Thursday, November 8, 2012

Just for fun: Sculpting with Biodegradable Packing Peanuts

What is your experience with biodegradable packing peanuts? (They are also called cornstarch pellets.) They are an alternative to styrofoam packing material that appear to be the same thing but really are not. They are made out of cornstarch and they dissolve completely in water. Here is a video I found on youtube of some in a glass of water...

Silly (personal) backstory about these packing peanuts: 
I was first introduced to cornstarch pellets over 15 years ago when I was in high school doing yearbook. Some of our materials were shipped to us with them and going "green" was just starting to be a thing to do. I heard about them originally in science class and I was fascinated with the idea of them (I love things that are inventive and of out-of-the-box problem solving) so I was excited to finally see them in person. My science teacher had told me that you could eat them so I told my yearbook staffers (I was the editor-in-chief) that and I actually convinced everyone to eat one. After we had our fun laughing at one another and also being surprised by the fact that they were indeed edible, one of the staffers actually kept eating them! 

Yeah. *shrug* To each their own. 

Anyway, because I strongly dislike shopping in real time and at real places I do more online shopping than anything. Recently an early Christmas gift was delivered to me with the amazing-ness that IS cornstarch packing peanuts! I recalled my weird high school memories about them along with randomness I have read(and mentally bookmarked - as I do with everything) about using them for kiddie crafting and art.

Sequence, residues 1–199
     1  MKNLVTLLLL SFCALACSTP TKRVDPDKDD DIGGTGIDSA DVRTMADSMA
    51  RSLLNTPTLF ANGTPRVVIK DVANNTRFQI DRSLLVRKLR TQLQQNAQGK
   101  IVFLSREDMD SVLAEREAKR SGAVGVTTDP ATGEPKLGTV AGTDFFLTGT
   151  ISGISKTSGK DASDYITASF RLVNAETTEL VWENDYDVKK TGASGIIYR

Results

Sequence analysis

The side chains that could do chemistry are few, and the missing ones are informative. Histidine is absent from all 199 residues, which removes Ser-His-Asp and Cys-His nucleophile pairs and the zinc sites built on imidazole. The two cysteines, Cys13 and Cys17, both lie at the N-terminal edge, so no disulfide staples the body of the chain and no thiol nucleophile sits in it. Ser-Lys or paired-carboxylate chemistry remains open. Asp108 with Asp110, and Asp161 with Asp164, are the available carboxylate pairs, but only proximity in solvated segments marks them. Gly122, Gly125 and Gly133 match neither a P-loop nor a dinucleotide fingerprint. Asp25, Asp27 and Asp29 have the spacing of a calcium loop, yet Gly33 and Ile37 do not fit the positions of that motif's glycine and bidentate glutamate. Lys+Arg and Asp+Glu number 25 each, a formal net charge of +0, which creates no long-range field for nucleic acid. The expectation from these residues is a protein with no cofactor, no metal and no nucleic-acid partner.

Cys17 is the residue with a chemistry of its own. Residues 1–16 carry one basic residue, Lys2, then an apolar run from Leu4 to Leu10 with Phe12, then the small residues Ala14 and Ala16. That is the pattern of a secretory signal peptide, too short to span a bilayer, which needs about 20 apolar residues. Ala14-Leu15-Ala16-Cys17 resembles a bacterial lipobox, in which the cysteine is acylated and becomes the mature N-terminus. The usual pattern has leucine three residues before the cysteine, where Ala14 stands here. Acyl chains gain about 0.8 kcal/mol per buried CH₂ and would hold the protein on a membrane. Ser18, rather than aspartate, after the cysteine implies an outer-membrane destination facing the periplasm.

The way it works is this: Put out a clean wet sponge, paper towel, or rag and then simply wet the end of one of the packing peanuts and then stick it to another one.

That's it! SERIOUSLY!!!

Here is my 4 yo daughter in action making a crown for herself...

You definitely have to be careful to not accidentally give your kid a glass/cup of water and just use a wet sponge or paper towel because if you don't you can bet they will just sit there and drop the pellets into the water and watch them all dissolve completely. So long as you don't do that though and your kids pay attention long enough to make something, you can even let them color what they made with markers!

I mean, I suppose you could try painting them but I wouldn't if I were use. I mean, you DO remember the video of how they interact with liquid, right?

The other night, my daughter pulled out the packing pieces and asked me to join her with sculpting and crafting. I had just put her flannel bedding on for her so I had elephants on the brain and so I ended up mindlessly making a baby elephant for my daughter. She was thrilled with the finished product:

If you interested in doing this sort of thing at home and want to order packing pieces you can either from a shipping company like Uline. You, of course, have to buy in bulk but if you are doing this for a project for preschool or other early childhood activity setting, that could work out. Also, here are some other blogs who have also adventured into the arena of sculpting with the packing pieces:

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